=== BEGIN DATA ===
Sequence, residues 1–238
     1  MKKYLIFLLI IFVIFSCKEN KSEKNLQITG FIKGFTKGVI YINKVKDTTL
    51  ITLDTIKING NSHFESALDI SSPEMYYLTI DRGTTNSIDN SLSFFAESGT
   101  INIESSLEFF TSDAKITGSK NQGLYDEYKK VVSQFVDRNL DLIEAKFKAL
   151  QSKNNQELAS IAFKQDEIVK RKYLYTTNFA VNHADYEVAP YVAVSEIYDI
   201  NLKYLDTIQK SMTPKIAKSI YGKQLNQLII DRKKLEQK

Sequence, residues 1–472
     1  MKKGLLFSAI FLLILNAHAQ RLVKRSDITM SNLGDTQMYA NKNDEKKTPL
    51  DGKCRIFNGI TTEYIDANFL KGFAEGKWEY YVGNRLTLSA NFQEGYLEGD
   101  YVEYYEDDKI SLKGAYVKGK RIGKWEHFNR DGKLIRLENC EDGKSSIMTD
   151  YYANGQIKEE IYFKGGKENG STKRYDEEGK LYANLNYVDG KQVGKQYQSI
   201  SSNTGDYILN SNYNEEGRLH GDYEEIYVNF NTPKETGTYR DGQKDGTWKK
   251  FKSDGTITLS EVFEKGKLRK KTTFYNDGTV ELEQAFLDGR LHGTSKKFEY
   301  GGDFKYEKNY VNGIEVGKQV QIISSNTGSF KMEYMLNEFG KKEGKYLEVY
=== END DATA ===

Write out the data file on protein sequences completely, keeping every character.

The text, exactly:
Sequence, residues 1–238
     1  MKKYLIFLLI IFVIFSCKEN KSEKNLQITG FIKGFTKGVI YINKVKDTTL
    51  ITLDTIKING NSHFESALDI SSPEMYYLTI DRGTTNSIDN SLSFFAESGT
   101  INIESSLEFF TSDAKITGSK NQGLYDEYKK VVSQFVDRNL DLIEAKFKAL
   151  QSKNNQELAS IAFKQDEIVK RKYLYTTNFA VNHADYEVAP YVAVSEIYDI
   201  NLKYLDTIQK SMTPKIAKSI YGKQLNQLII DRKKLEQK

Sequence, residues 1–472
     1  MKKGLLFSAI FLLILNAHAQ RLVKRSDITM SNLGDTQMYA NKNDEKKTPL
    51  DGKCRIFNGI TTEYIDANFL KGFAEGKWEY YVGNRLTLSA NFQEGYLEGD
   101  YVEYYEDDKI SLKGAYVKGK RIGKWEHFNR DGKLIRLENC EDGKSSIMTD
   151  YYANGQIKEE IYFKGGKENG STKRYDEEGK LYANLNYVDG KQVGKQYQSI
   201  SSNTGDYILN SNYNEEGRLH GDYEEIYVNF NTPKETGTYR DGQKDGTWKK
   251  FKSDGTITLS EVFEKGKLRK KTTFYNDGTV ELEQAFLDGR LHGTSKKFEY
   301  GGDFKYEKNY VNGIEVGKQV QIISSNTGSF KMEYMLNEFG KKEGKYLEVY